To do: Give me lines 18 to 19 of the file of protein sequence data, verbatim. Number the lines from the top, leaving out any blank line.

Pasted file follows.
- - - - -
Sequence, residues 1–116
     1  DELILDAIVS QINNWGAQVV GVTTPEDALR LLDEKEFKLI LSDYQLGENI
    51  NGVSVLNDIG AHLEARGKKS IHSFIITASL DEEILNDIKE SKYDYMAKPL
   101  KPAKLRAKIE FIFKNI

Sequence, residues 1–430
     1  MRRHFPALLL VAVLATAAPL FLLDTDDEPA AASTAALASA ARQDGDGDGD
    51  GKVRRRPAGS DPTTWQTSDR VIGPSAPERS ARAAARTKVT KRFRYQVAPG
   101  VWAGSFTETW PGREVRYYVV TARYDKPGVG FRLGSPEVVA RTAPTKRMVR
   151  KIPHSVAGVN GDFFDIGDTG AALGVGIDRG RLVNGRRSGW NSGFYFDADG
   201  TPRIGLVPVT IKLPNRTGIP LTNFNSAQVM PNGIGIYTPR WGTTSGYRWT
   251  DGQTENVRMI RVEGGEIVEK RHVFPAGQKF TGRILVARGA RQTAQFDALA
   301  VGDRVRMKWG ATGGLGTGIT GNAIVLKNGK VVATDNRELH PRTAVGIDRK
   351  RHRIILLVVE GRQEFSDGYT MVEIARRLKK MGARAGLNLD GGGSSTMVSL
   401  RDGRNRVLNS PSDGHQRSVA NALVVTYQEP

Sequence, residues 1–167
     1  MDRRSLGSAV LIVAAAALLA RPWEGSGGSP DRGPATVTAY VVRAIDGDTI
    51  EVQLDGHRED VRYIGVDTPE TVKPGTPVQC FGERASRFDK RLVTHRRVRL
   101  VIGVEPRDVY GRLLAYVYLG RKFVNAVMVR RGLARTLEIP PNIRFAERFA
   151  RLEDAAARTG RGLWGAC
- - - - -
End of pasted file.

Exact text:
   101  VIGVEPRDVY GRLLAYVYLG RKFVNAVMVR RGLARTLEIP PNIRFAERFA
   151  RLEDAAARTG RGLWGAC